There is still time for residents to have their say on the Isle of Wight Council’s proposals to change the way the Island’s library service is provided.
While residents have until Monday (7 Feb) to make their views known, there have so far been eight expressions of interest received from parties wishing to take over the running of local services. These are not only in areas already served by a library building but also in two areas, both rural, not currently only served by the mobile service.
It is anticipated that at least three more expressions will also be submitted in the coming days or weeks
The council has pledged to work with these groups to assist them, as far as possible, in developing their proposals. This could involve considering delaying, possibly until the summer, the closure of council-run premises where there are serious negotiations based on a viable business case, to replace an authority-run facility with a locally-run one. Such a delay could allow volunteers to be trained and possibly an asset transfer of building or equipment to take place.
While the council is looking to reduce the number of buildings it operates, it will retain responsibility for providing and updating a stock of books. The current proposals also involve expanding online provisions and the mobile service.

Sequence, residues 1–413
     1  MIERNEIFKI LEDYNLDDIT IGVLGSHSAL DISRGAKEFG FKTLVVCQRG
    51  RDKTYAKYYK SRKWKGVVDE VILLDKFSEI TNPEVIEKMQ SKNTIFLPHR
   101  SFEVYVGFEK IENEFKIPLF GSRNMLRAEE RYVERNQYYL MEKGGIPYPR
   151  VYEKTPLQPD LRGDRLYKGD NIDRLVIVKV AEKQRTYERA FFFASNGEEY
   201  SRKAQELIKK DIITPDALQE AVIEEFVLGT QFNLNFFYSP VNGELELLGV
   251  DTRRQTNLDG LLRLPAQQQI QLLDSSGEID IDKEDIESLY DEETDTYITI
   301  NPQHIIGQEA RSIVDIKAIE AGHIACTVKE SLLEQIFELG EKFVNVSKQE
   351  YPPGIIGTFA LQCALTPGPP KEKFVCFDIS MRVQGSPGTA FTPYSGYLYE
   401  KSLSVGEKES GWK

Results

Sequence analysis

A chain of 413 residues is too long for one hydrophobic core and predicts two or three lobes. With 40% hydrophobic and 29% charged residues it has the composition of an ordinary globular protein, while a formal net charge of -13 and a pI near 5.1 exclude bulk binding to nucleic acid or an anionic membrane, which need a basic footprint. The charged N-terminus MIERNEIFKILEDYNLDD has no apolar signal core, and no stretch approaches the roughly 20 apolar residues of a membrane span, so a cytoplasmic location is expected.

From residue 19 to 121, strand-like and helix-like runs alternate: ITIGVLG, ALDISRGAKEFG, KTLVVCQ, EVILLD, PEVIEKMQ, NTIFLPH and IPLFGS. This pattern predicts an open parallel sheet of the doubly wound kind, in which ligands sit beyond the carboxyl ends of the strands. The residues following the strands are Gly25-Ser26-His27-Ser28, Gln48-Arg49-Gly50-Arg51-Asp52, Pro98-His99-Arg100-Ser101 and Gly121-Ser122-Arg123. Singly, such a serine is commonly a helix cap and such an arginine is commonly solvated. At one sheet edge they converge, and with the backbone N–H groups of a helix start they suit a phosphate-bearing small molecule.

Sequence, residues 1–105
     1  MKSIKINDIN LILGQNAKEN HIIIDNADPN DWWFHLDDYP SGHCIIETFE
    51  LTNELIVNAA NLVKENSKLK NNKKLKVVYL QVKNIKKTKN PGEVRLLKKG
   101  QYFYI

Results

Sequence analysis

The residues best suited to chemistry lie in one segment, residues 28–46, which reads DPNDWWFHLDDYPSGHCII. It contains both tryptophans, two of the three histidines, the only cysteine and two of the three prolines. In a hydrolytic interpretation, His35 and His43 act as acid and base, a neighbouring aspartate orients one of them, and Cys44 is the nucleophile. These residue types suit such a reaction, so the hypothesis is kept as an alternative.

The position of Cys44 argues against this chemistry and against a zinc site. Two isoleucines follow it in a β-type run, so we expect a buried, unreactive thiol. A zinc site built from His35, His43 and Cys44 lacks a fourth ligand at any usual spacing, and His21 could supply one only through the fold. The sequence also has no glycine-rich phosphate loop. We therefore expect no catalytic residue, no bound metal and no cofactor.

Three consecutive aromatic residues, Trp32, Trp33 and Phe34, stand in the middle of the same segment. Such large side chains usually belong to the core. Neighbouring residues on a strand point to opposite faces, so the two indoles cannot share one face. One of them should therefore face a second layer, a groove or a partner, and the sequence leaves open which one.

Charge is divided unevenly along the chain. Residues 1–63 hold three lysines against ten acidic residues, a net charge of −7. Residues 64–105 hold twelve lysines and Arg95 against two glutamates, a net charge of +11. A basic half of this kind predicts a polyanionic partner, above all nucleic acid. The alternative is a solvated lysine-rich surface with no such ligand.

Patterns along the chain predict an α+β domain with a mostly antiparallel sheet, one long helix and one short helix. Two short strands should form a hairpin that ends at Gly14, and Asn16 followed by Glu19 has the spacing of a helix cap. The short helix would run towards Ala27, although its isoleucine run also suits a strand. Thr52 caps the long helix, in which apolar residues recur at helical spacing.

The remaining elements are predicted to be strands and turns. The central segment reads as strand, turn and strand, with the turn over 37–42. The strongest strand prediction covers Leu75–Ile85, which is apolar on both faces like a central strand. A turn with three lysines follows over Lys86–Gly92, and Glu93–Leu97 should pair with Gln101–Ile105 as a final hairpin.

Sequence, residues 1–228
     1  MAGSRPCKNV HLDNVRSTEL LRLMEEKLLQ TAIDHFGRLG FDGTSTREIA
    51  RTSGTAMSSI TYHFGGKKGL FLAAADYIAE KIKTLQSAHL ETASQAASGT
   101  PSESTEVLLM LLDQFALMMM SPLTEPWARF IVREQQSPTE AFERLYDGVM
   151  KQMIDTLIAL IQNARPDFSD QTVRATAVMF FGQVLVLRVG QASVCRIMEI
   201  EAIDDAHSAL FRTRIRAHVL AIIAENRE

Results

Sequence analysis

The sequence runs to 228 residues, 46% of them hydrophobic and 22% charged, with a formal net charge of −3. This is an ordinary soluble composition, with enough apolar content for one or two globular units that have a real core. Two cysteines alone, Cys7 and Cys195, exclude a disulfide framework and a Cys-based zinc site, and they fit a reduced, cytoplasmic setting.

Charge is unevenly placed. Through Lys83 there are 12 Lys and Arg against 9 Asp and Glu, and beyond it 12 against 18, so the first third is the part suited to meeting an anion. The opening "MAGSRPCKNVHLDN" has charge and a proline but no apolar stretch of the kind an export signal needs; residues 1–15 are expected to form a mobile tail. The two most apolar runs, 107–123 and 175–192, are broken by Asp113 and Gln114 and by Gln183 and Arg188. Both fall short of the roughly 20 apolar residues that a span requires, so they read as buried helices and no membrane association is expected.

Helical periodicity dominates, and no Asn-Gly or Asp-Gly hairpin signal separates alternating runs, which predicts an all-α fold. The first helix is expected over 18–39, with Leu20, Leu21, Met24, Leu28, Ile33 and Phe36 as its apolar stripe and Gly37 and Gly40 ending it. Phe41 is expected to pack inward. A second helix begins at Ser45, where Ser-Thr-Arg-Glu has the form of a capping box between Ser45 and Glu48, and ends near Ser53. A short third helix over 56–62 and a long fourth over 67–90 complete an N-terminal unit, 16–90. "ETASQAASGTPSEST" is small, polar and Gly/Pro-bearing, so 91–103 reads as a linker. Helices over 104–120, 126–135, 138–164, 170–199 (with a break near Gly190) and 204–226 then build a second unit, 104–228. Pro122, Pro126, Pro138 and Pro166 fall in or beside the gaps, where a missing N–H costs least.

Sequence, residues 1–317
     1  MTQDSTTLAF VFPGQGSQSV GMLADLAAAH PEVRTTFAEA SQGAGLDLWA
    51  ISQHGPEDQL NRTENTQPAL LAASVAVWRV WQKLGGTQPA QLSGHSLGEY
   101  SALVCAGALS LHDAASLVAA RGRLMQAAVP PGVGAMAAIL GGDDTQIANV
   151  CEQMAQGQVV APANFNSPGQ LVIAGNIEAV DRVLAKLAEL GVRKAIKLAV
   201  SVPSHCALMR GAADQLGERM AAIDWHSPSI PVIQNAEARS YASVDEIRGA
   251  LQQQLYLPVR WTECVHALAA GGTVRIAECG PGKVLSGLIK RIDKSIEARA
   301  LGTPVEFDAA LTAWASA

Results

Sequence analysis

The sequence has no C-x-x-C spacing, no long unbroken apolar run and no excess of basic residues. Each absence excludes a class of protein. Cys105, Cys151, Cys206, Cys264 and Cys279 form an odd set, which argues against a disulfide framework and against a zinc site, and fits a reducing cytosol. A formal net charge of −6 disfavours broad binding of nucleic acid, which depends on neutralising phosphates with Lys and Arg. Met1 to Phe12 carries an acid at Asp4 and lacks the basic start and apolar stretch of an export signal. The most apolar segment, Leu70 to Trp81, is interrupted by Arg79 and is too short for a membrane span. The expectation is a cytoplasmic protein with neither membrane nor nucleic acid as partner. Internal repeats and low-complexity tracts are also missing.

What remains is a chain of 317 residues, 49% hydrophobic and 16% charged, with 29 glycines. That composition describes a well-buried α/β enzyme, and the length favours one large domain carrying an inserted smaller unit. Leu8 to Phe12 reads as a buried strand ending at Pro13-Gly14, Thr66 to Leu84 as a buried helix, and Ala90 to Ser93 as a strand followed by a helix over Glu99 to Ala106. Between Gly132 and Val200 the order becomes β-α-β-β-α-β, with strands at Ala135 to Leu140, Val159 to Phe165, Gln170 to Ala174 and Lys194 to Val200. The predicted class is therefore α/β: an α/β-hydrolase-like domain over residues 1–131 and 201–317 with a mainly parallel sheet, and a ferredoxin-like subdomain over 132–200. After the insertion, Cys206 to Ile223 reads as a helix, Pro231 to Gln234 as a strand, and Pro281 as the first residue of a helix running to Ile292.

After the current consultation ends, the responses will be studied and a paper taken to the Full Council budget meeting on 23 February. A final decision will be taken by the cabinet when it meets on 1 March.
George Brown, IW Council cabinet member responsible for libraries, said: “It is pleasing that as well as generating a lot of responses and comments, the consultation has also brought forward some promising proposals from organisations who want to get involved in running a local library.
“I cannot pre-empt any decision that may be made by cabinet but what I can guarantee is this: the council will do all it is reasonably able in order to assist these groups in developing viable proposals.
“There is no avoiding the fact that the council, because of the wider economic situation, has to spend less on the library service. But we will do what we can to support communities in retaining and creating local libraries.”
The libraries consultation can be viewed online at: www.iwight.com/living_here/libraries/anewchap.asp
So far there have been around 400 comments/letters received at libraries or through the consultation process and a further 100 representations – many duplicating those sent in the consultation process – made to leading council figures. It is known that several petitions are in circulation.